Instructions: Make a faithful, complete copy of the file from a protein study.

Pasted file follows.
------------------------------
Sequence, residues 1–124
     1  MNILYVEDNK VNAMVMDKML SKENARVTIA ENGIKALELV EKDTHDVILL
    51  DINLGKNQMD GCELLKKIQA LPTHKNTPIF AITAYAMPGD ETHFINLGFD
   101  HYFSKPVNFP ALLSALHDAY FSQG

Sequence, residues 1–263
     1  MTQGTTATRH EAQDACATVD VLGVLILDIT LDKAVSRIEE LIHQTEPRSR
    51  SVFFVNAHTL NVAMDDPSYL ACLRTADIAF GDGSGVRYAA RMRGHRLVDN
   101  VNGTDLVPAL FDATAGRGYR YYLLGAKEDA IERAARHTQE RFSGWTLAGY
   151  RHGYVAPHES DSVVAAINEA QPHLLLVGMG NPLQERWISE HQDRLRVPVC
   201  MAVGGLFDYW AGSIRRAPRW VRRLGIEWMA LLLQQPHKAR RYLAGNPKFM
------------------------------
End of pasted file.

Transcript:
Sequence, residues 1–124
     1  MNILYVEDNK VNAMVMDKML SKENARVTIA ENGIKALELV EKDTHDVILL
    51  DINLGKNQMD GCELLKKIQA LPTHKNTPIF AITAYAMPGD ETHFINLGFD
   101  HYFSKPVNFP ALLSALHDAY FSQG

Sequence, residues 1–263
     1  MTQGTTATRH EAQDACATVD VLGVLILDIT LDKAVSRIEE LIHQTEPRSR
    51  SVFFVNAHTL NVAMDDPSYL ACLRTADIAF GDGSGVRYAA RMRGHRLVDN
   101  VNGTDLVPAL FDATAGRGYR YYLLGAKEDA IERAARHTQE RFSGWTLAGY
   151  RHGYVAPHES DSVVAAINEA QPHLLLVGMG NPLQERWISE HQDRLRVPVC
   201  MAVGGLFDYW AGSIRRAPRW VRRLGIEWMA LLLQQPHKAR RYLAGNPKFM